May 28, 2020
Times are tough, and the rallying cry that “we’re all in this together” is being taken to heart by many creditors who are making financial accommodations to debtors. While accommodation may be the altruistic thing to do, and in many cases is a smart business decision, it shouldn’t be undertaken without careful consideration and thorough legal review. Any short-term actions you take as a creditor to modify or waive payment and performance obligations under a contract can have long-term consequences, so it’s important to consult with your attorney to make sure your rights are protected.
It’s Not Business as Usual
During “normal” times, efforts to collect unpaid debts follow a common playbook. When a debtor defaults, and informal outreach efforts don’t work, formal collections efforts ensue. If out-of-court collection is unsuccessful, litigation may be initiated. In some cases, debtors opt for bankruptcy to avoid collection and/or stay litigation.
These, of course, are not normal times. Many creditors are being accommodating to debtors, proactively deferring payment obligations, delaying collection efforts, and holding off on litigation. There may be a strong business case to be made that more leniency is the right course of action. After all, no one wants to throw more good money after bad, and pushing more debtors into bankruptcy almost certainly won’t lead to greater recoveries. However, creditors shouldn’t merely adopt a “wait and see” approach, and any leniency extended to debtors should be carefully considered. Any accommodation made outside of contract terms should only be done after consultation with legal counsel, and be clearly documented.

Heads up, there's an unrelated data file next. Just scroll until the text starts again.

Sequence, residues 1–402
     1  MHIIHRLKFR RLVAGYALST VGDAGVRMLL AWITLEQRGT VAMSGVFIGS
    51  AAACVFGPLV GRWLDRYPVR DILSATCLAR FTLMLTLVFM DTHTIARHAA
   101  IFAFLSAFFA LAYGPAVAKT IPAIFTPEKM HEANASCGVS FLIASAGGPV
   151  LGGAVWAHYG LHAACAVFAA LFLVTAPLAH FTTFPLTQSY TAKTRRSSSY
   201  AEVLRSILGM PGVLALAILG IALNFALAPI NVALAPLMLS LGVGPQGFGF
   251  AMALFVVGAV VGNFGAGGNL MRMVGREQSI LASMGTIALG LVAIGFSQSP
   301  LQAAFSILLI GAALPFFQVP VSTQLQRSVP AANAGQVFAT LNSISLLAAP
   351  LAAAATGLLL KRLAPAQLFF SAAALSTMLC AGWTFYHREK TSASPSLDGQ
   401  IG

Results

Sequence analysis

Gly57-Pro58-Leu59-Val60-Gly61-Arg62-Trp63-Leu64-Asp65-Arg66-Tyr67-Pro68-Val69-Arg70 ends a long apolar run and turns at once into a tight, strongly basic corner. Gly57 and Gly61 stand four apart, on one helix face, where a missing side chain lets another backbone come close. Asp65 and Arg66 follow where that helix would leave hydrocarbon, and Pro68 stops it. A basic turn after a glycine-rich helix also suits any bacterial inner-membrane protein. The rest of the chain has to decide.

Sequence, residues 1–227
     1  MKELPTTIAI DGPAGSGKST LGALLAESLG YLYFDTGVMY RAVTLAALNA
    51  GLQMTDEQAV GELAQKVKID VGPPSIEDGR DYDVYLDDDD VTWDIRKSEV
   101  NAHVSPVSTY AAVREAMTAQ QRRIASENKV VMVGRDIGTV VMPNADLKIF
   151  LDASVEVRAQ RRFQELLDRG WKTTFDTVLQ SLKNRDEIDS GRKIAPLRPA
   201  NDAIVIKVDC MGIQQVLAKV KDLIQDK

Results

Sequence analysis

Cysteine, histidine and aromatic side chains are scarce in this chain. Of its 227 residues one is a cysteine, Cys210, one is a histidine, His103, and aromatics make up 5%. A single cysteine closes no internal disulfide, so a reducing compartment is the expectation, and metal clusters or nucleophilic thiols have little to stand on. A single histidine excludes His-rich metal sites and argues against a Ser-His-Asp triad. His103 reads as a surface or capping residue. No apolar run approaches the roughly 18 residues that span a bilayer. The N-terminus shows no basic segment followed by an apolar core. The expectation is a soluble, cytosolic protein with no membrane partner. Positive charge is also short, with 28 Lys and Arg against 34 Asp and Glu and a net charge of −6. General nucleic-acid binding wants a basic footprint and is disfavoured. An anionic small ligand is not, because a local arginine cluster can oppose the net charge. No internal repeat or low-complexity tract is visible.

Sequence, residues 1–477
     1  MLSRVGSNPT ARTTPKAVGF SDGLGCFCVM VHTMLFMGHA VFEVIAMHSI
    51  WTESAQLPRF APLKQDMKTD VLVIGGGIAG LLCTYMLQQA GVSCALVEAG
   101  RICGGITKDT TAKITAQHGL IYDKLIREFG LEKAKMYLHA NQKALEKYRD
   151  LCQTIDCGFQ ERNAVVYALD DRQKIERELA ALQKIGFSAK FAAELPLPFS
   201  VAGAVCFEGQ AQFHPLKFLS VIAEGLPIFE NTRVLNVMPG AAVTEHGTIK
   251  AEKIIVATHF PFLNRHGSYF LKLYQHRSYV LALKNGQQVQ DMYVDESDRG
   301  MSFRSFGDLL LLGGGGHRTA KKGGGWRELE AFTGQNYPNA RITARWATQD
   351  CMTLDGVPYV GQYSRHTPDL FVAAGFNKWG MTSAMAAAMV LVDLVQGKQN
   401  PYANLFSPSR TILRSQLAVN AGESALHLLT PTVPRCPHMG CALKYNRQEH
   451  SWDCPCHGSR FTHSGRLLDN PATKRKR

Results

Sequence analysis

How to Deal With Debtors While Protecting Your Business
In good and bad economic times, the best way to deal with a debtor—be it a business or an individual—who is late on payment or otherwise experiencing financial distress, is to first engage in a conversation.
By engaging in a dialogue, you can gain valuable information about the debtor’s circumstances that will inform next steps. For example, you may learn that the debtor is late because they are waiting on payment from one of their customers or funding from a government stimulus program. Do not necessarily trust without verifying, and it is a good idea to consult with legal counsel before having these conversations. Always talk to your lawyer before agreeing to any sort of financial accommodation and make sure to get it in writing.
Businesses of all varieties will likely have to deal with financially distressed debtors over the coming months. The best path forward may be to allow a debtor more time to pay, but there are important legal issues to consider before going down that path. By consulting with your lawyer, you can ensure that you’re not modifying or waiving important rights, or worse, becoming the first party to breach the contract. With the assistance of counsel, you can also appropriately document whatever agreement is struck to increase the likelihood that you will get paid and to ensure everyone “is on the same page” in relation to the intent of the agreement.
Some of the most common questions and scenarios, along with best practices, are discussed below.